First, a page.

Once Chloe is secured the entire premise of the season is slowly reveled. We’ll stick to the big picture stuff because we’ll go loony obsessing over the small details. You are safe to assume that everything is smoke and mirrors in this show until you are sure you know the truth. Even then, watch your back.
So, there are cyber terrorists with the ability to hack into the government’s computers and control the path of drones. A guy named Yates (Joseph Milson) is smart enough to create the program. He’s also dumb enough to get double-crossed by a girlfriend who stabs him in the face once she learns the program was ready to be sold. Now, the program is in the wrong hands and Jack needs to find a way to pry it out, that’s as much as we know at this point.
In the other, potentially juicer plot, President James Heller (William Devane) appears to be entering the beginning stages of Alzheimer’s disease. You might remember that Jack once saved Heller, who was the Secretary of Defense in season four, from being executed. You might also remember that Jack saved his daughter, Audrey, who happened to be Jack’s girlfriend. You might also remember that Jack sacrificed Audrey’s estranged husband (she did not like that) and the Chinese captured her in season six. She was rescued by Jack and lost her memory in the process. Exhale. I’m exhausted. Anyway, Audrey is now married to her daddy’s Chief of Staff, Mark Boudreau (Tate Donovan), whom I assume will have a major, plot-twisting role because it’s 24.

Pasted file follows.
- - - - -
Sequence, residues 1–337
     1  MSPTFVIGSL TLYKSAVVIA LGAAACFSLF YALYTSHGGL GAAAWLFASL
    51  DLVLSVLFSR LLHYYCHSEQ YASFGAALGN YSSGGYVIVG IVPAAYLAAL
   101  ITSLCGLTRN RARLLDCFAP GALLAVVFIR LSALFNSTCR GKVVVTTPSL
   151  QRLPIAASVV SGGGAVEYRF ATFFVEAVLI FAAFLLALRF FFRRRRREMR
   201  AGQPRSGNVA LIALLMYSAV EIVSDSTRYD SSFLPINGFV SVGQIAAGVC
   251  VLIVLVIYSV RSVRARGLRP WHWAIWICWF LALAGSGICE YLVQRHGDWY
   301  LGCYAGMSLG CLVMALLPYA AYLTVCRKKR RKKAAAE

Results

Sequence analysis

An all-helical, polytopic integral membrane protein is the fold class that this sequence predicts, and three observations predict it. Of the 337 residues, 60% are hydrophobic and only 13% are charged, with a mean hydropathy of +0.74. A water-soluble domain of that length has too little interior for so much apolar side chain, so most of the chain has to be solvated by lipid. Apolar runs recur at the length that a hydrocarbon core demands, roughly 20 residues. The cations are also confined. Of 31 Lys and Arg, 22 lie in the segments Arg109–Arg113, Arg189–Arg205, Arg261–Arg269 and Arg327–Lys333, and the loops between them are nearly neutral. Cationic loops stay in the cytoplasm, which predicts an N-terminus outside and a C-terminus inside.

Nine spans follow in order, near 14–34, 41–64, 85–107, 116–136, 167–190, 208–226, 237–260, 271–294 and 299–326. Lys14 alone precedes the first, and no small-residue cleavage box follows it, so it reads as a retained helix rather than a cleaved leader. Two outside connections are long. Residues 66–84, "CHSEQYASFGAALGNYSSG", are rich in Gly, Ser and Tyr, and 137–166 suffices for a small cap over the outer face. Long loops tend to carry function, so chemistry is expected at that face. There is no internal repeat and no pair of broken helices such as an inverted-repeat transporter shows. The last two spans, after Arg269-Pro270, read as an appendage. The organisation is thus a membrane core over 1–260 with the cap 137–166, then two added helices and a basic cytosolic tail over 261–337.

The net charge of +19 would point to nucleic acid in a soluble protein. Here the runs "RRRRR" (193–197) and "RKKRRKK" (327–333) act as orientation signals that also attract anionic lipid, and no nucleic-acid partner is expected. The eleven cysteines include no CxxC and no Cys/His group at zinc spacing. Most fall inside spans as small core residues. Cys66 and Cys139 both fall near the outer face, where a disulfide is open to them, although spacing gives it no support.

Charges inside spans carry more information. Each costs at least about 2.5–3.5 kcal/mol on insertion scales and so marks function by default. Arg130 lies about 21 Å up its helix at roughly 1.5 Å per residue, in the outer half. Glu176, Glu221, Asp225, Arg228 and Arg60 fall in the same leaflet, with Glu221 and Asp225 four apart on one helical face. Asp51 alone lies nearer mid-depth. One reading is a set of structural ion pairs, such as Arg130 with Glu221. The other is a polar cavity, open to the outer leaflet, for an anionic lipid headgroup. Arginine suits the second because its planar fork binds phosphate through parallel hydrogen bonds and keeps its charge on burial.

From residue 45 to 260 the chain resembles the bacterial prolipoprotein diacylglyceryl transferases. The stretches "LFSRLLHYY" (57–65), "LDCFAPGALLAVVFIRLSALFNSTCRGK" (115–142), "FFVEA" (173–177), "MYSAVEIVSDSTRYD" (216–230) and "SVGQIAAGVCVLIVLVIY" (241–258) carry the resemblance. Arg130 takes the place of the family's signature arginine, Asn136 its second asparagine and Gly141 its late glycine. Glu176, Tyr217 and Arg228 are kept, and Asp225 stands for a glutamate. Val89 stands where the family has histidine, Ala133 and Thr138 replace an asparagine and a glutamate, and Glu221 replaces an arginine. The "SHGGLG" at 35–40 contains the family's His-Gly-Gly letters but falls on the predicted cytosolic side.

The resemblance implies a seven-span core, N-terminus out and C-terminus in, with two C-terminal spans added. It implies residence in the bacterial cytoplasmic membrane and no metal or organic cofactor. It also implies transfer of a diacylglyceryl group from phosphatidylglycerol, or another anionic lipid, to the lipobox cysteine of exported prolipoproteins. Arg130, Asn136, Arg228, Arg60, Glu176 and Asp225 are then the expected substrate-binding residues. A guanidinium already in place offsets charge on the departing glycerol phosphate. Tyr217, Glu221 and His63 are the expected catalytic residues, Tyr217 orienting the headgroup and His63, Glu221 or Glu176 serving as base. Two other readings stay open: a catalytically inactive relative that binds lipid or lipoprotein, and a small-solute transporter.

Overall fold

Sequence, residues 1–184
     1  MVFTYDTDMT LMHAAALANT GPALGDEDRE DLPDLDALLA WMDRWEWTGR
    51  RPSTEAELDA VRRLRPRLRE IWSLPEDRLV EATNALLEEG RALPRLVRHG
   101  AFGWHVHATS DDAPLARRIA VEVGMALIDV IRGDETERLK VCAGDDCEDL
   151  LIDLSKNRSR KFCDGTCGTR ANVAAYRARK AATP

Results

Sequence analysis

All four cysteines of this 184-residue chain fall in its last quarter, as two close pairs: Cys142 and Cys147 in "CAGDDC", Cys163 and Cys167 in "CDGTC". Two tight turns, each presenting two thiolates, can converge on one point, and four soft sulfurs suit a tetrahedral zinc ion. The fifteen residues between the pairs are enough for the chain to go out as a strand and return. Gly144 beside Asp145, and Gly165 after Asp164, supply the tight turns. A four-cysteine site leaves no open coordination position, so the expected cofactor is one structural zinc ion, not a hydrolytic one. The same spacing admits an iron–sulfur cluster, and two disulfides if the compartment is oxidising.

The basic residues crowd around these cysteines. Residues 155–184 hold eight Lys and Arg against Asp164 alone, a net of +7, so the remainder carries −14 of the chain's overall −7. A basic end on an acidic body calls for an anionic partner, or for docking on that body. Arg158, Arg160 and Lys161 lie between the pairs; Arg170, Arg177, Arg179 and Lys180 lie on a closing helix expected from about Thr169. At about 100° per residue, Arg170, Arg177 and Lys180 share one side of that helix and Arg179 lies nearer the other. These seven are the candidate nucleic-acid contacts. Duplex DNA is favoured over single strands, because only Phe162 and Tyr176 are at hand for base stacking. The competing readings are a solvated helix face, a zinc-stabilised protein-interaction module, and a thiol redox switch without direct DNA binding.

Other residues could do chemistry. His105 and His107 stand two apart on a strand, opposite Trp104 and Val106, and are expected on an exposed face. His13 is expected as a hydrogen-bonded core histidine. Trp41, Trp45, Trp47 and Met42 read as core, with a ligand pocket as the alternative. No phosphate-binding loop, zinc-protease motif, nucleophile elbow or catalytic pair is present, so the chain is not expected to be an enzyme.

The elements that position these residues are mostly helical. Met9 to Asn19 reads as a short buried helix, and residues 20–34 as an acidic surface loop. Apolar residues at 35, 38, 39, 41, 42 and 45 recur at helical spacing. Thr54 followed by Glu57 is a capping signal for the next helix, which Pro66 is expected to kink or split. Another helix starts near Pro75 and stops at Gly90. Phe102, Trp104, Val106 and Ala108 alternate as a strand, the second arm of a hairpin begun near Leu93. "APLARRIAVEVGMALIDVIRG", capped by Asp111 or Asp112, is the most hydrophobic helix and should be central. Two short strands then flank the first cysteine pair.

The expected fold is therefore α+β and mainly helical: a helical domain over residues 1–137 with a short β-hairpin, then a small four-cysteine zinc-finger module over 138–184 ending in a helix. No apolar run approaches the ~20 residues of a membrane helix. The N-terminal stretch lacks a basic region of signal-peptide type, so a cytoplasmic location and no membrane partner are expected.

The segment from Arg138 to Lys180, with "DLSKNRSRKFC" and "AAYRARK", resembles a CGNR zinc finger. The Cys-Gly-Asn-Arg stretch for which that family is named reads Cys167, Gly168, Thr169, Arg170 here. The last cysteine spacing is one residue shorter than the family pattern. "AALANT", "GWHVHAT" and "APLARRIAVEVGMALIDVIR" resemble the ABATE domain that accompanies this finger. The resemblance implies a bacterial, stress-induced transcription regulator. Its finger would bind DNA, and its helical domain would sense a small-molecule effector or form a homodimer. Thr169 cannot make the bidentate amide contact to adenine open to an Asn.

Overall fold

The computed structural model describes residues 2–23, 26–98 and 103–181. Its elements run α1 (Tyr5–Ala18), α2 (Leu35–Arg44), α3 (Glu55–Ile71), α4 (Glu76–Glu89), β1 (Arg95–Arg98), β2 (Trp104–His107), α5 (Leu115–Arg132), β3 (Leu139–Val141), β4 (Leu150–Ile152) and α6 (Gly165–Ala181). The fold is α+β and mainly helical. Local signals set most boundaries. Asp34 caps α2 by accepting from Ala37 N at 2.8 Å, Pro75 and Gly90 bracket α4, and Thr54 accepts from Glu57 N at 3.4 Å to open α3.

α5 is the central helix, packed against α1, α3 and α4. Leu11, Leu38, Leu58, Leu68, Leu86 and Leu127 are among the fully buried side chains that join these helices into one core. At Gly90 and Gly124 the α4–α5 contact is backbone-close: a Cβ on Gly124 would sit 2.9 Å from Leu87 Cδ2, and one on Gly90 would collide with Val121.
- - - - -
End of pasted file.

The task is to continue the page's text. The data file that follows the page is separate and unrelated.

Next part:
Now the question remains. Why is Jack back? Is he looking to restore his name, break up a Washington power couple and recapture a lost relationship? If not, maybe he just can’t kick the impulse to save the world from men who like to watch it burn. Hopefully, and I say this as an admirer of the show, Jack is back because someone realized the story was incomplete. No hero, no matter how seemingly invincible he (or she!) looked in his (or her!) prime, lives forever.
Jack Bauer needs an end. He needs a Walter White—guts spilling out as camera slowly fades out—ending. 24: Live Another Day, sounds like one last chance, one more day, not several.
Before breaking away from the CIA and setting up what promises to be visually appealing, though not necessarily thought-provoking mini season, Jack is faced with a reality that will linger throughout the remaining episodes.
“You were really something Bauer,” says a guy not physically equipped to handle Jack’s furor. “… Back in the day.”